I’ve been using Gradle and Buildship for a while, but there is one thing that I have never completely understood:
Where is the line between the the functionality of Buildship and the functionality in the Gradle eclipe task?
For example: most of the time, importing a Gradle project into Eclipse works like a dream. That’s absolutely brilliant - Buildship makes me an Eclipse project that is perfect.
But I have some projects which generate source-code using Jaxb, so I might have a task called genJaxb.
The project will not compile unless Jaxb has created the classes and the output directory is a source folder, so I make the eclipse task depend on the genJaxb task.
apply plugin: 'eclipse' tasks.eclipse.dependsOn genJaxb
./gradlew cleanEclipse eclipse and the project is good to go.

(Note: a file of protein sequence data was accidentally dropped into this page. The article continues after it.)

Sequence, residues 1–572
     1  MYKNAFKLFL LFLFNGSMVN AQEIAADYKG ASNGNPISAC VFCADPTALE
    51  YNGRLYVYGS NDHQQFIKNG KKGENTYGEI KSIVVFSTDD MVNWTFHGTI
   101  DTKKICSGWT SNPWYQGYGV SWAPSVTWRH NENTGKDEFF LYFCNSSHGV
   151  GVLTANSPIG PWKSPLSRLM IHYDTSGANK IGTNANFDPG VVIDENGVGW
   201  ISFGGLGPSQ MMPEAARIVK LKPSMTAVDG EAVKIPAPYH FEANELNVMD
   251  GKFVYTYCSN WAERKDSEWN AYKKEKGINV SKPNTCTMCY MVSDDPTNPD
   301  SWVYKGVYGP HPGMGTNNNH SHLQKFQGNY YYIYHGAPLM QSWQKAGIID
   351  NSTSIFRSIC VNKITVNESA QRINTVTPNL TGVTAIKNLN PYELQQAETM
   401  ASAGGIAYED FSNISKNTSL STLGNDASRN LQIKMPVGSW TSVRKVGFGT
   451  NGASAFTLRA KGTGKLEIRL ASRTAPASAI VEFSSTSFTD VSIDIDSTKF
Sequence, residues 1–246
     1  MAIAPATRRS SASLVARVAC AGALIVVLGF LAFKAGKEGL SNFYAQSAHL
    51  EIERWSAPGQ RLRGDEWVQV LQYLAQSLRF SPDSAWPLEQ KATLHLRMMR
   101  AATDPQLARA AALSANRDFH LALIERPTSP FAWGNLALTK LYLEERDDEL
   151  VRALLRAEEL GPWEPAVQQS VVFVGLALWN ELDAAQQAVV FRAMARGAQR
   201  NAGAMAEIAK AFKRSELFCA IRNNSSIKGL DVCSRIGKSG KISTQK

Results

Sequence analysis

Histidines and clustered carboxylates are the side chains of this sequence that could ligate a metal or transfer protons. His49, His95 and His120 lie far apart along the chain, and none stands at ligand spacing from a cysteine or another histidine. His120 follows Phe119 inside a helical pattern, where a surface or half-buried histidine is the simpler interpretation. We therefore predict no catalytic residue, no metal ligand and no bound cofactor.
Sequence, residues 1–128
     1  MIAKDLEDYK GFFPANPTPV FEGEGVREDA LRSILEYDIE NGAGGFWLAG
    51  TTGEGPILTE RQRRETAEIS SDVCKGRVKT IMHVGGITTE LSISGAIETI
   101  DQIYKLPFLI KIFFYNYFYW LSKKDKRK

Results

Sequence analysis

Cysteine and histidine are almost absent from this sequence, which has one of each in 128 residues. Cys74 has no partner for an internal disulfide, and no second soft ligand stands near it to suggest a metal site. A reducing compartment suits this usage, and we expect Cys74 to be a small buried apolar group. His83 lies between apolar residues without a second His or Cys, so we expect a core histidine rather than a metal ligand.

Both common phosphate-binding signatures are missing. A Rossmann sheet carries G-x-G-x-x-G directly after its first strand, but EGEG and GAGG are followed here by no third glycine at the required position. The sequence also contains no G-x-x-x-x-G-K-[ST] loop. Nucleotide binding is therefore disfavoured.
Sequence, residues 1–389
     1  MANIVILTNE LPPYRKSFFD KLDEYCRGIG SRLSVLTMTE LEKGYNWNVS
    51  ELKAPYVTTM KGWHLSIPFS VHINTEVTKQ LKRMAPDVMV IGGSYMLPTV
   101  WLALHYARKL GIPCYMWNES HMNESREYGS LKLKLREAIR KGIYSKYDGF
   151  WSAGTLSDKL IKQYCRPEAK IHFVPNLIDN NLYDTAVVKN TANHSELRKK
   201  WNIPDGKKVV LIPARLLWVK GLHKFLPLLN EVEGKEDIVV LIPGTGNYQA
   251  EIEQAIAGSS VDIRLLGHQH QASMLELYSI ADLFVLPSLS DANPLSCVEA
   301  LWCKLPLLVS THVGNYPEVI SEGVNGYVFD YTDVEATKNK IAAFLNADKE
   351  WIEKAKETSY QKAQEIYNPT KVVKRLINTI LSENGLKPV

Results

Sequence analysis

When I clone that project from git and import it into Eclipse, the imported project has not executed the genJaxb task - I use the
Gradle Tasks view to run the
eclipse task and do a
Gradle -> Refresh Gradle Project.
That seems a little counter intuitive - Buildship made me the Eclipse project, and now I’m telling the Gradle eclipse plugin to make me an Eclipse project too.
I have become accustomed to this - but colleagues are incandescent with rage for me making their lives so complicated…
I’m not trying to criticise - because Buildship is doing a brilliant job keeping me in Eclipse, helping me stay focussed and without need to switch to the command line. Most of the time Buildship does a brilliant job of making me an Eclipse project that mimics the Gradle configuration. I’m just wondering where the line is between it and the Gradle eclipse plugin.
Thanks for your help.